Torvos Simpson


UNPUBLISHED OPINION ORDER FILED. [13-40718 Reversed ] Judge: PEH , Judge: JLD , Judge: JEG; granting motion to file successive petition filed by Movant Mr. Torvos Simpson. (ISSUED AS AND FOR THE MANDATE) [7398806-2] [13-40718]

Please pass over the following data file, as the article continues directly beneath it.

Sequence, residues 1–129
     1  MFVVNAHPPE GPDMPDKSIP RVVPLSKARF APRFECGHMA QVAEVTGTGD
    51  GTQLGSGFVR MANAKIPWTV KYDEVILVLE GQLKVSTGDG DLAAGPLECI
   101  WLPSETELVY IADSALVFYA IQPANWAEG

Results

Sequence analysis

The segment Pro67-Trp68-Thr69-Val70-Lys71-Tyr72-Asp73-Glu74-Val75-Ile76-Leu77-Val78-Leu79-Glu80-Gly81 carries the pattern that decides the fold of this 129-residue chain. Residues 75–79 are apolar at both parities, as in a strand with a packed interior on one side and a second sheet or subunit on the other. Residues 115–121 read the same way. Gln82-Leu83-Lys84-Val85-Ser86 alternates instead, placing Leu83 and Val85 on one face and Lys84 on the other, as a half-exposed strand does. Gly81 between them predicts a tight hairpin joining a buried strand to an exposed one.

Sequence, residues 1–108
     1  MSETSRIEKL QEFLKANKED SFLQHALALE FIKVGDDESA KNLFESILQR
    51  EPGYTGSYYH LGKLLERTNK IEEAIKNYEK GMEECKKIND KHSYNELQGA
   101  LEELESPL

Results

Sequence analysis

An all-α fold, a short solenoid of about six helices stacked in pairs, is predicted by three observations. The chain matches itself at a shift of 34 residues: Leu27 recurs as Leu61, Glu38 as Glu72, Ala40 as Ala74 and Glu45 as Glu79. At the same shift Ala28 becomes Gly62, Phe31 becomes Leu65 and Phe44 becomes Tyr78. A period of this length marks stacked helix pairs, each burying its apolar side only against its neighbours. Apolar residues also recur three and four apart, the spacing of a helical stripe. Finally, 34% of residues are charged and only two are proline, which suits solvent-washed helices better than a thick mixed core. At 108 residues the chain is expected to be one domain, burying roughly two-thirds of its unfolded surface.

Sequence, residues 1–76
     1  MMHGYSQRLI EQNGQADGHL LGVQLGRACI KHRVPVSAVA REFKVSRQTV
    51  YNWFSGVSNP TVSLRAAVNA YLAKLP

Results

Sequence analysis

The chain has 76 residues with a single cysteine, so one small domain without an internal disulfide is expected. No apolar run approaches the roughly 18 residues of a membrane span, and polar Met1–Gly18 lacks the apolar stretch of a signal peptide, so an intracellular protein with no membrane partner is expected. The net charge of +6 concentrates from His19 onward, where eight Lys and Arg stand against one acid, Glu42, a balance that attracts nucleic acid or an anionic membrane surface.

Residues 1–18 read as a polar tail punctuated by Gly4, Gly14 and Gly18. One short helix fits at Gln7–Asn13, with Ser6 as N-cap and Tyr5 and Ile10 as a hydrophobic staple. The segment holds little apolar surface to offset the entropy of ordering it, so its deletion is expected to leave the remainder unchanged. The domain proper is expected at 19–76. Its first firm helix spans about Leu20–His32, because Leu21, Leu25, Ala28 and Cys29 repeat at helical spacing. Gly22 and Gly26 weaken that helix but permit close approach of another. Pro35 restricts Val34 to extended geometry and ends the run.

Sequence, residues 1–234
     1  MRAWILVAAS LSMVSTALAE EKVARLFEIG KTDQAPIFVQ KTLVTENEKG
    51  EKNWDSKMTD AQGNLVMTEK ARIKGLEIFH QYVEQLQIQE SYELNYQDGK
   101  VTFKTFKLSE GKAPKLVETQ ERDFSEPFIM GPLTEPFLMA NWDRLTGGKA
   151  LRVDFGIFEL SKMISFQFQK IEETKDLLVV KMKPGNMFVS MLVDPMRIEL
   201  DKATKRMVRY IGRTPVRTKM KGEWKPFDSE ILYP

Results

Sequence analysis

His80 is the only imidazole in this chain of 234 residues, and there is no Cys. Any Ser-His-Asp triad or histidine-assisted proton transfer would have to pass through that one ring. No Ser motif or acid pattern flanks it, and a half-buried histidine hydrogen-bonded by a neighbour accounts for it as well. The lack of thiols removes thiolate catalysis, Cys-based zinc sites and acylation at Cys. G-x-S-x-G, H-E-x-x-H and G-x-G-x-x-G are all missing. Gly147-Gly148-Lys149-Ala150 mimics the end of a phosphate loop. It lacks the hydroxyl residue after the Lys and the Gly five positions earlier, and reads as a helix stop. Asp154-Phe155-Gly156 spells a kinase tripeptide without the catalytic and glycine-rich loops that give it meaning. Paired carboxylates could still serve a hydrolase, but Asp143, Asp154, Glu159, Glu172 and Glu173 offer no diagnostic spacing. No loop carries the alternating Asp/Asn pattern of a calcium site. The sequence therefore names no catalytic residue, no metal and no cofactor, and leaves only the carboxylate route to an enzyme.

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Case: 13-40718 Document: 00512526185 Page: 1 Date Filed: 02/07/2014 IN THE UNITED STATES COURT OF APPEALS FOR THE FIFTH CIRCUIT No. 13-40718 United States Court of Appeals Fifth Circuit FILED In re: TORVOS SIMPSON, February 7, 2014 Movant Lyle W. Cayce Clerk Motion for an order authorizing the United States District Court for the Eastern District of Texas to consider a successive 28 U.S.C. § 2255 motion Before HIGGINBOTHAM, DENNIS, and GRAVES, Circuit Judges. PER CURIAM:* Torvos Simpson, federal prisoner # 47110-078, moves for authorization to file a successive 28 U.S.C. § 2255 motion challenging his life sentence without possibility of parole. In 1995, together with two co-defendants, Simpson pleaded guilty to carjacking in violation of 18 U.S.C. § 2119, and possession of a firearm during a crime of violence in violation of 18 U.S.C. § 924(c)(1). The carjacking resulted in the death of another teenager. Simpson was under eighteen at the time of the offense. Simpson was sentenced to life without the possibility of parole, plus a consecutive 60-month sentence. 1 Pursuant to 5TH CIR. R. 47.5, the court has determined that this opinion should not be published and is not precedent except under the limited circumstances set forth in 5TH CIR. R. 47.5.4. * Given the procedural posture of the motion, we have minimal information regarding Simpson’s sentencing proceedings. However, we do note that Simpson was sentenced prior 1 Case: 13-40718 Document: 00512526185 Page: 2 Date Filed: 02/07/2014 No. 13-40718 Section 2255(h) bars a federal prisoner from filing a second or successive motion to vacate, set aside, or correct a sentence unless the court of appeals certifies that the petition either (1) contains “newly discovered evidence that, if proven and viewed in light of the evidence as a whole, would be sufficient to establish by clear and convincing evidence that no reasonable factfinder would have found the movant guilty of the offense,” or (2) is premised on “a new rule of constitutional law, made retroactive to cases on collateral review by the Supreme Court, that was previously unavailable.” 28 U.S.C. § 2255(h). Simpson seeks leave to file a successive § 2255 motion on the grounds that the United States Supreme Court’s recent decision in Miller v. Alabama, 132 S. Ct. 2455 (2012), which held that mandatory life sentences without the possibility of parole for juvenile offenders violate the Eighth Amendment’s ban on cruel and unusual punishment, announced a new rule of constitutional law made retroactively applicable on collateral review by the United States Supreme Court. He argues that Miller renders his sentence unconstitutional, because he was a juvenile at the time of the charged offenses. The government does not oppose Simpson’s motion. Simpson must make a prima facie showing that his motion satisfies the § 2255 requirements for second or successive motions in order to obtain permission to proceed in the district court. See Reyes-Requena v. United States, 243 F.3d 893, 897-99 (5th Cir. 2001) (holding that the prima facie standard is incorporated into § 2255). A “prima facie showing” is “simply a sufficient showing of possible merit to warrant a fuller exploration by the district court.” Id. at 899 (quoting Bennett v. United States, 119 F.3d 468, 469 (7th Cir. 1997)). to United States v. Booker, 543 U.S. 220 (2005), when the United States Sentencing Guidelines were mandatory, see, e.g., id. at 233-34. 2 Case: 13-40718 Document: 00512526185 Page: 3 Date Filed: 02/07/2014 No. 13-40718 We do not resolve the ultimate issue of the retroactivity of Miller. 2 However, we find that the Supreme Court’s actions in Miller and the procedural posture of Miller itself satisfy Simpson’s burden to make a prima facie showing that his petition rests on a new rule of law made retroactive by the Supreme Court on collateral review. Miller involved two companion cases; Miller v. Alabama, which was on direct appeal of conviction and sentence, Miller, 132 S. Ct. at 2462-63, and Jackson v. Hobbs, which involved a petition for habeas corpus in the Arkansas state court, brought after the conviction had been affirmed on direct appeal, id. at 2461-62. The Supreme Court specifically held that the new rule it announced applied not only to the defendant on direct appeal in Miller, but also to the defendant in Jackson on collateral review. See id. at 2463, 2475; State v. Ragland, 836 N.W.2d 107, 116 (Iowa 2013). The Court considered both cases together, applied its reasoning and holding to both cases, and specifically held that the defendant in Jackson should be given an individualized sentencing hearing. See Miller, 132 S. Ct. at 2468-69; see also Jackson v. Norris, 2013 Ark. 175, at *1-2 (2013) (remanding for resentencing in accordance with Miller). “There would have been no reason for the Court to direct such an outcome if it did not view the Miller rule as applying retroactively to cases on collateral review.” Ragland, 836 N.W.2d at 116. Further, in Teague v. Lane, the Supreme Court stated that “once a new rule is There is disagreement among federal and state courts about whether Miller has been made retroactive to cases on collateral review. Compare Johnson v. United States, 720 F.3d 720, 721 (8th Cir. 2013) (granting a motion for leave to file a successive § 2255 petition based on Miller), State v. Ragland, 836 N.W.2d 107, 116 (Iowa 2013) (holding that Miller is retroactive), Jones v. Mississippi, 122 So. 3d 698, 703 (Miss. 2013) (same), and State v. Simmons, 2011-1810 (La. 10/12/12), 99 So. 3d 28 (applying Miller retroactively), with In re Morgan, 713 F.3d 1365, 1368 (11th Cir. 2013) (holding that Miller is not retroactive), and Craig v. Cain, No. 12-30035, 2013 WL 69128, at *2 (5th Cir. Jan. 4, 2013) (same) (unpublished). 2 3 Case: 13-40718 Document: 00512526185 Page: 4 Date Filed: 02/07/2014 No. 13-40718 applied to the defendant in the case announcing the rule, evenhanded justice requires that it be applied retroactively to all who are similarly situated.” 489 U.S. 288, 300 (1989). This principle further supports the proposition that the Court’s own application of the Miller rule to a case on collateral review indicates that the Court considered the rule to be retroactive. Given the Supreme Court’s action in Miller, we conclude that Simpson has made a prima facie showing that his successive petition is based on “a new rule of constitutional law, made retroactive to cases on collateral review by the Supreme Court that was previously unavailable.” § 2255(h)(2). This grant is, however, “‘tentative in the following sense: the district court must dismiss the motion that we have allowed the applicant to file, without reaching the merits of the motion, if the court finds that the movant has not satisfied the requirements for the filing of such a motion.’ The district court then is the second ‘gate’ through which the petitioner must pass before the merits of his or her motion are heard.” Reyes-Requena, 243 F.3d at 899 (quoting Bennett, 119 F.3d at 470); see also In re Morris, 328 F.3d 739, 741 (5th Cir. 2003). We accordingly GRANT Simpson’s motion for authorization to file a successive § 2255 motion in the district court. 4